Increasing the Equity and Efficiency of Tax Abatement Programs
The state role in economic development policy has increased as the federal government has devolved selected programs to balance growth and incomes among different part of the country. Rapid growth in coastal states and the suburban areas around many cities, and stagnation or decline in areas that have remained rural has intensified economic development debate. Within the broad spectrum of economic development policy, significant resources are focused on state industrial recruitment through tax abatements. This article uses the Michigan experience to illustrate how current application of tax abatements may increase geographic income inequality, and that some adjustment in the policy would be needed if policy makers want to rectify the unequal distribution of tax expenditure. We also argue that localities have few incentives to reject or limit, which can lead to overuse of the tool. Relatively straightforward countervailing measures such as a cap on per capita use of abatements, together with payments to localities that do not use their quota of abatements, could improve the effectiveness of overall state economic development policy by increasing the level of local public debate about the use of abatements and making funds available for alternatives to tax abatements.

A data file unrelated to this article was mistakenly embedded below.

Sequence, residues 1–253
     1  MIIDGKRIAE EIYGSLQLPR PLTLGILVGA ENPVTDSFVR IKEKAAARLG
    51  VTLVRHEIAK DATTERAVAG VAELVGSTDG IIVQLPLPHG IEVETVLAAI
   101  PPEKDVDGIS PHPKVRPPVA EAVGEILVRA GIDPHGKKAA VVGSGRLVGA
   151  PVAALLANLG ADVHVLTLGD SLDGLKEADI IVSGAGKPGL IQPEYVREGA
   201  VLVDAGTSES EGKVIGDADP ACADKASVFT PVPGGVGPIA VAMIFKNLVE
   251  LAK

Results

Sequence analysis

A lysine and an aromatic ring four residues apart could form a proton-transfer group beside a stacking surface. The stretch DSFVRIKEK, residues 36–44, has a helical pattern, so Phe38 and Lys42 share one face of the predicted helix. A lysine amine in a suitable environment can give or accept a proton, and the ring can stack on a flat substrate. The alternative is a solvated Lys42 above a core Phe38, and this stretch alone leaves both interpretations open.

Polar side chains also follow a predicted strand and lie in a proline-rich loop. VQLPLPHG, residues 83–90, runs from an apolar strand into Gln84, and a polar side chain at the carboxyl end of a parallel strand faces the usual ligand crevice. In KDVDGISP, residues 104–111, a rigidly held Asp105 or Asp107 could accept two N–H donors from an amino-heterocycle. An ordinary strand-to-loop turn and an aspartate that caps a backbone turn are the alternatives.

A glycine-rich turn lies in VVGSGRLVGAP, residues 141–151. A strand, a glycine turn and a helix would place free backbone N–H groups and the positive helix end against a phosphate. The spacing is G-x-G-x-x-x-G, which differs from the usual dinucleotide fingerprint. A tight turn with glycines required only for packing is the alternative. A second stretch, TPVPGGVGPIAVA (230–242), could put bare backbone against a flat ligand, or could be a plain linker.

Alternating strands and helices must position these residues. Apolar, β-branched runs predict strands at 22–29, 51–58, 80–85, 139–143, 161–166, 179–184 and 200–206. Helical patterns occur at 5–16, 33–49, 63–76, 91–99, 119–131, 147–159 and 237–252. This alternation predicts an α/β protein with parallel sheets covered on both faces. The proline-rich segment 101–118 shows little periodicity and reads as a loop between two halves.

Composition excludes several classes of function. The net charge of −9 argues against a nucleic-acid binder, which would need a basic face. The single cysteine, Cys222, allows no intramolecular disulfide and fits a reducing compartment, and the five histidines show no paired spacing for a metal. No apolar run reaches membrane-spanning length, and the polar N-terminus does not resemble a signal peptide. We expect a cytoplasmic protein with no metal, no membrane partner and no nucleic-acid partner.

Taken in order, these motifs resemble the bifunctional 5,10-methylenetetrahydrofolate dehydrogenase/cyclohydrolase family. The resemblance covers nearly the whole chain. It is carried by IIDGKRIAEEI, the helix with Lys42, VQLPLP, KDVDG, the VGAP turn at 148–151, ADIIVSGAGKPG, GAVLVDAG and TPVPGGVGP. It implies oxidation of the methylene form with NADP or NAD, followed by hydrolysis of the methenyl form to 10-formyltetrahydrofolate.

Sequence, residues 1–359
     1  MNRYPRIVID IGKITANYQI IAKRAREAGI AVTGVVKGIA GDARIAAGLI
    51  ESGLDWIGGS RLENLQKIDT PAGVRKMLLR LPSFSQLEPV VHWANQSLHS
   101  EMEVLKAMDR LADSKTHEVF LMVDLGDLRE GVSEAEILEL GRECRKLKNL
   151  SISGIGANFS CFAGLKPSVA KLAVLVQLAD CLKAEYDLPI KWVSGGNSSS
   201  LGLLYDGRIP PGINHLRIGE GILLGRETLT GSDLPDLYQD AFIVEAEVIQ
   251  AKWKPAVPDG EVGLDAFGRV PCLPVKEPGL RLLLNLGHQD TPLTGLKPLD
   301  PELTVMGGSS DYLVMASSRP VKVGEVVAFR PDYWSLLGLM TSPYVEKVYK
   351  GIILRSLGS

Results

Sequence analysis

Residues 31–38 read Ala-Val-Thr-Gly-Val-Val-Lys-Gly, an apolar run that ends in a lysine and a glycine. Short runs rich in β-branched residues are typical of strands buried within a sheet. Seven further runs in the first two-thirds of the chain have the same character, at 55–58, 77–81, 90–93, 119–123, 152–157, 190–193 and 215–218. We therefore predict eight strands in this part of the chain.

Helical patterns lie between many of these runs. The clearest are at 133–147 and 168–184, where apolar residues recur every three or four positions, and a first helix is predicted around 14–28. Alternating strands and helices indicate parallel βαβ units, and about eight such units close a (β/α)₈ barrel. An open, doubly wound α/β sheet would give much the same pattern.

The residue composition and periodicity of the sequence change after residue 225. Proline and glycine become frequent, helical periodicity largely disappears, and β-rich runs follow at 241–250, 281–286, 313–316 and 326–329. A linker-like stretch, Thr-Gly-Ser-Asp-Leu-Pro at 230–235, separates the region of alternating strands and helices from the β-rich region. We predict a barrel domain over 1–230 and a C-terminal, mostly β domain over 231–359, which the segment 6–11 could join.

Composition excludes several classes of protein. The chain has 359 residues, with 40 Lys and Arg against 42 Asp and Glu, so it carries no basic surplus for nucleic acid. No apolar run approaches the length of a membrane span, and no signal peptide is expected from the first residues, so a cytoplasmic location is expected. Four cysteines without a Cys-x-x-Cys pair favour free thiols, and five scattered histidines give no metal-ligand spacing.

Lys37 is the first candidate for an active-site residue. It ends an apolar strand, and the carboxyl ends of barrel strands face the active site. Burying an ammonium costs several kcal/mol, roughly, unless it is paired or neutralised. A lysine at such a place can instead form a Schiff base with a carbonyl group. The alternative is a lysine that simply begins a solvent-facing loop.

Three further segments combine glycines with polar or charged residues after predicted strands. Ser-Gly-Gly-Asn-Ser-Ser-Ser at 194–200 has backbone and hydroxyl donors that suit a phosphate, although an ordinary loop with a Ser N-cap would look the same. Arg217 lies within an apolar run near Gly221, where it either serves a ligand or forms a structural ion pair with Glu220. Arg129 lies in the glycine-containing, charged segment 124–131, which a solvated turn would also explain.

References listed on IDEAS
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- Margaret E. Dewar, 1998. "Why State and Local Economic Development Programs Cause so Little Economic Development," Economic Development Quarterly, , vol. 12(1), pages 68-87, February.
- Oechssler, Jorg, 1994. "The city vs. firm subsidy game," Regional Science and Urban Economics, Elsevier, vol. 24(3), pages 391-407, June.
- Nizalov, Denys & Loveridge, Scott, 2005. "Regional Policies and Economic Growth: One Size Does Not Fit All," The Review of Regional Studies, Southern Regional Science Association, vol. 35(3), pages 266-90.
- Todd M. Gabe & David S. Kraybill, 2002. "The Effect of State Economic Development Incentives on Employment Growth of Establishments," Journal of Regional Science, Wiley Blackwell, vol. 42(4), pages 703-730.
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